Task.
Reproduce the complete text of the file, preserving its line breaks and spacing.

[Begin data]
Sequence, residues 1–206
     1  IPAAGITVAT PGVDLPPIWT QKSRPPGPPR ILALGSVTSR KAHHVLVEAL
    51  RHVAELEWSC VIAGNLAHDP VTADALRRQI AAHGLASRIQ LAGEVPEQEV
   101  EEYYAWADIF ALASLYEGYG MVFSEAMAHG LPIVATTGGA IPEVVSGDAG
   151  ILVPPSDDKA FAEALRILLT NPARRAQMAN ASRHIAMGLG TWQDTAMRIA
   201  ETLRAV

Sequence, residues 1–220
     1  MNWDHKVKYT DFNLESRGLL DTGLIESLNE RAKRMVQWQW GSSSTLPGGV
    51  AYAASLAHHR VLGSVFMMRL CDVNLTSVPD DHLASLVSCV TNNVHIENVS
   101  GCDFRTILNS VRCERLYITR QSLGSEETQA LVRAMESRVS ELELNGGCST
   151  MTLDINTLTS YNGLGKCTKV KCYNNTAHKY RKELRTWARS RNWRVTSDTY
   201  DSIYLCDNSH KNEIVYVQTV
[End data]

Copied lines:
Sequence, residues 1–206
     1  IPAAGITVAT PGVDLPPIWT QKSRPPGPPR ILALGSVTSR KAHHVLVEAL
    51  RHVAELEWSC VIAGNLAHDP VTADALRRQI AAHGLASRIQ LAGEVPEQEV
   101  EEYYAWADIF ALASLYEGYG MVFSEAMAHG LPIVATTGGA IPEVVSGDAG
   151  ILVPPSDDKA FAEALRILLT NPARRAQMAN ASRHIAMGLG TWQDTAMRIA
   201  ETLRAV

Sequence, residues 1–220
     1  MNWDHKVKYT DFNLESRGLL DTGLIESLNE RAKRMVQWQW GSSSTLPGGV
    51  AYAASLAHHR VLGSVFMMRL CDVNLTSVPD DHLASLVSCV TNNVHIENVS
   101  GCDFRTILNS VRCERLYITR QSLGSEETQA LVRAMESRVS ELELNGGCST
   151  MTLDINTLTS YNGLGKCTKV KCYNNTAHKY RKELRTWARS RNWRVTSDTY
   201  DSIYLCDNSH KNEIVYVQTV